The average weight determination produced by divider 42 is stored in tare register 44 if tare switch 12 is operated. Operation of the tare switch also prevents operation of display driver 18 in response to the average weight determination which is being stored in tare register 44. After tare register 44 has been loaded, the contents of tare register 44 are subtracted from each subsequent average weight determination produced by divider 42 by means of subtracter 46. Each net weight determination thus produced by subtracter 46 is applied to scaler 48 where it is multiplied (or divided) by an appropriate predetermined scale factor stored in scale register 50. This scale factor is a quantity appropriate to convert the net weight determination to an actual weight value (or other desired weight-dependent quantity) in the appropriate units for display by the scale. The weight value produced by scaler 48 is applied to display driver 18 which causes display 16 to display the applied weight value.
The scale circuit shown in FIG. 1 also includes a stability detecting circuit including elements 60, 62, 64, and 66 which compares successive weight determinations to determine whether or not the scale is relatively stable. Each successive weight determination stored in storage register 32 is subtracted from the preceding weight determination stored in last input register 60 by means of subtracter 62. The difference determined by subtracter 62 is compared by comparator 64 to a stability criterion or threshold value stored in register 66. If the difference determined by subtracter 62 exceeds the stability threshold, the scale has not yet reached a stable condition and no stability is indicated by comparator 64. If, however, the difference determined by subtracter 62 is less than the stability threshold, the scale is considered stable and comparator 64 produces a stability indicating output signal.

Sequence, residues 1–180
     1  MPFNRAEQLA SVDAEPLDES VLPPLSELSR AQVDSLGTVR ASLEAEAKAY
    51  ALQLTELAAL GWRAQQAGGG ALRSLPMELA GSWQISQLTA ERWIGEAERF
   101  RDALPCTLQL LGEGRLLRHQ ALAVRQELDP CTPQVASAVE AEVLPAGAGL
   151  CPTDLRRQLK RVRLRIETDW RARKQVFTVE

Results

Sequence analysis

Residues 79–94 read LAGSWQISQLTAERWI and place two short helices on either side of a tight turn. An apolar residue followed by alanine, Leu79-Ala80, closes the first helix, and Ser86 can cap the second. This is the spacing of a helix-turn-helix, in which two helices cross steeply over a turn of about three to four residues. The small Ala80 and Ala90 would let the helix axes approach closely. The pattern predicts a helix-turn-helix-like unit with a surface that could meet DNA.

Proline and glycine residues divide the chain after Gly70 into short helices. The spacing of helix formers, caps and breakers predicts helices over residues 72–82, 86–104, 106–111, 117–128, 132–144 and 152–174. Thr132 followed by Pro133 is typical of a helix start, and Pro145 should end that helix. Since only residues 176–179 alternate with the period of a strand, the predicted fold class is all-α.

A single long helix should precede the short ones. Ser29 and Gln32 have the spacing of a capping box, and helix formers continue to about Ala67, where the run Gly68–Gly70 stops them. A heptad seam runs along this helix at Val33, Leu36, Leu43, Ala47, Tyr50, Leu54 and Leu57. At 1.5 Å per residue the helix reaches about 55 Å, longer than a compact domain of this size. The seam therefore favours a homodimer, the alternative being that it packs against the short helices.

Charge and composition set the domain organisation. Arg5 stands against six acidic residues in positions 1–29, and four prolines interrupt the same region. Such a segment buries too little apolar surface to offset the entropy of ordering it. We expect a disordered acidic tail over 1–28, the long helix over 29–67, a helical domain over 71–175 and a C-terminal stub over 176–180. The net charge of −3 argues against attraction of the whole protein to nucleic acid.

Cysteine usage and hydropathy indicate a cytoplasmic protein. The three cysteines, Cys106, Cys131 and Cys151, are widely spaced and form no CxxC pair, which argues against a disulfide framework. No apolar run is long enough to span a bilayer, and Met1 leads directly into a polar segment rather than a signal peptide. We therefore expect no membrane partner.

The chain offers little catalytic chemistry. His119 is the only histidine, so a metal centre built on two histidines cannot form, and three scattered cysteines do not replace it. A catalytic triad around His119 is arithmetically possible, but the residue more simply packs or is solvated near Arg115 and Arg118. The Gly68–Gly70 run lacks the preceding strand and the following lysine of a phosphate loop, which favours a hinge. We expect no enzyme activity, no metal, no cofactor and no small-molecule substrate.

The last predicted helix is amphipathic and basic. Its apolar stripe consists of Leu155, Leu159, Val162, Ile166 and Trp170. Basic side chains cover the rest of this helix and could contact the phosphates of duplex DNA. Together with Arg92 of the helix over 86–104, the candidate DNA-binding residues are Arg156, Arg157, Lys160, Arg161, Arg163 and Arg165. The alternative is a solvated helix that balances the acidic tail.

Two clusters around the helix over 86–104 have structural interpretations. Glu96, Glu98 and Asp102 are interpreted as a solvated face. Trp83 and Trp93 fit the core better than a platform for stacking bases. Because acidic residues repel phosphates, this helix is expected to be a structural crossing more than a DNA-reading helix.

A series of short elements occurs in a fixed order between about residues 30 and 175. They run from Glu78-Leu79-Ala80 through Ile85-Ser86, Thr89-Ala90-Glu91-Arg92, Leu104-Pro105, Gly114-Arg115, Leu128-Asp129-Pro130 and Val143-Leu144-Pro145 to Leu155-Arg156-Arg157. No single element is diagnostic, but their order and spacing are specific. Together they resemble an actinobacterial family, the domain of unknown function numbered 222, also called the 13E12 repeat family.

The output signal of comparator 64 is applied to one input terminal of switch 68. The condition of switch 68 is determined by the contents of K register 26. If the number stored in K register 26 is 2, switch 68 is conditioned to apply the output signal of comparator 64 to the right-hand portion of display driver 18 to cause the units indicating portion of display 16 to be illuminated whenever the stability criterion is satisfied. In this way, the user knows when the weight displayed by the scale is considered to be a stable weight reading. This same signal can be used to cause a recording mechanism (not shown, but typically a conventional printer) connected to the scale to record the weight measured by the scale when stability is detected.
In accordance with the principles of this invention, this stability indicating function is automatically suspended when the weight computation is based on an average of successive weight determinations greater in number than the number of successive weight determinations compared by the stability apparatus, i.e., when the number in K register 26 is more than 2. In that event, switch 68 is conditioned to disconnect comparator 64 from display driver 18. Instead, switch 68 applies an output signal of scaler 48 on lead 49 to the right-hand portion of display driver 18 to cause momentary illumination of the units indicating portion of display 16 each time scaler 48 computes a new weight value to be displayed. In this way, when the weight values are based on averages of relatively large numbers of successive weight determinations, the user is alerted each time a new weight value has been computed and is being displayed.